• The bushing versions of these bars are great for home/ garage gym and for those looking for a good bar but can't justify the investment of higher end bar. It's basic and reliable. They are good for a mix of Olympic weightlifting, CrossFit workouts and moderate powerlifting.  The bearing versions are great for Beginner Olympic weightlifting.  The knurling is great for banging out a lot of repetitions and characterized as light to medium.  The spin on these bars is really good and the whip is decent.  These bars were available in black zinc but we found that most who were buying these bars were using them in garages, basements, or just not spending a lot of time on maintaining them.  The black zinc was not very good and came off quickly.  The hard chrome on these bars is not as thick as on our pro bars but still adequate.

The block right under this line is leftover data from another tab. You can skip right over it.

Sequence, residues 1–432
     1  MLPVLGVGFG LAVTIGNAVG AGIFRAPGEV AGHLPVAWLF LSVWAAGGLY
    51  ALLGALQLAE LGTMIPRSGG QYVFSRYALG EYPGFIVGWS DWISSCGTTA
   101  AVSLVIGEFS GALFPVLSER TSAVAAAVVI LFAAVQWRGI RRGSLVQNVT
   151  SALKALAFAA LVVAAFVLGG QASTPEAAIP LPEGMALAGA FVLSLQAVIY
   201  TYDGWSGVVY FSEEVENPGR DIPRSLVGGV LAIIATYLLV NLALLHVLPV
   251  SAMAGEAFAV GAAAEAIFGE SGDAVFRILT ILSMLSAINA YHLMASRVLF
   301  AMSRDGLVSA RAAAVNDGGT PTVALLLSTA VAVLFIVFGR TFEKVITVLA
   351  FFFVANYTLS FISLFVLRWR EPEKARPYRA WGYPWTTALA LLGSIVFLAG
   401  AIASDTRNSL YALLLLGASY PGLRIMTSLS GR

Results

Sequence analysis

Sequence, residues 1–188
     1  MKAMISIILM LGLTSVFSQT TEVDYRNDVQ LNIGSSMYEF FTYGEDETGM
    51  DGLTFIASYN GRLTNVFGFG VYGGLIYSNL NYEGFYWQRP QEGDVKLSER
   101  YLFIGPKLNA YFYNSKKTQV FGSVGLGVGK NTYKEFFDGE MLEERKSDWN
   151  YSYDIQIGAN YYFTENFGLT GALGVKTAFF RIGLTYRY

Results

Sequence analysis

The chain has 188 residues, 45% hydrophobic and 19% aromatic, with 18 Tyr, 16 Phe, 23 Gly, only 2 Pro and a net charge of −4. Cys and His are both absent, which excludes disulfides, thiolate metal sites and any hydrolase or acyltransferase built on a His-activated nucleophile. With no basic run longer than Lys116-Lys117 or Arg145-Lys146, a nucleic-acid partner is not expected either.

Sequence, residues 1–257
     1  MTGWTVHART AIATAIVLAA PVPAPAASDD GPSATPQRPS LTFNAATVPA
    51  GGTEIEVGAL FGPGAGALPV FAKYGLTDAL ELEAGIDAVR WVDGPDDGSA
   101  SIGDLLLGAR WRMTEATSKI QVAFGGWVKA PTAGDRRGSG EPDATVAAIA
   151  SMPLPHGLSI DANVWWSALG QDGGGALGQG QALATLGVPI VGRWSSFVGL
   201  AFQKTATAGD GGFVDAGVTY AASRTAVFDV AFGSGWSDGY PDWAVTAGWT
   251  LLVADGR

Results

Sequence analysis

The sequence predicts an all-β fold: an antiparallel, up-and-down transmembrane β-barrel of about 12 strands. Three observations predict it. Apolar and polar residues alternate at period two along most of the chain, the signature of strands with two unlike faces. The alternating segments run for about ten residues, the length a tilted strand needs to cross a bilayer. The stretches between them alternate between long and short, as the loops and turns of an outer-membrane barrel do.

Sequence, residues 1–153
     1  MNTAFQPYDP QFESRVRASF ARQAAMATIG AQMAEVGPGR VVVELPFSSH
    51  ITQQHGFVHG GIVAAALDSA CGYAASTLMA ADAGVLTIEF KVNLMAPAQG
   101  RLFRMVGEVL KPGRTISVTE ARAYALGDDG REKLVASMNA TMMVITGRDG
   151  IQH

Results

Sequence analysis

QC, Assembly, and Shipping

We take a great amount of care into the products we ship to our customers.  All of our barbells are assembled by hand.  Even the import barbells are completely inspected, dismantled as possible, re-greased, resealed, cleaned and packed in super heavy wall tubes that we have custom made here in North Carolina.  

Let us know if you have any questions about barbells!


Cyrus Peterson
Product Development
Vulcan Strength Training Systems
1-877-986-4313 x711
www.vulcanstrength.com  


*About the Author:  Cyrus is a coach and veteran of the US Air Force.  He is a USAW Olympic weightlifting coach, kettlebell lifting coach and holds several certifications as a personal trainer and strength & conditioning coach. In his over 20 years of experience in strength and conditioning, he has competed as an athlete, coached athletes to international level competition as well as coaching every day people to a healthier and more fit lifestyle. He is a member of Vulcan Team as the lead of our Product Development Team.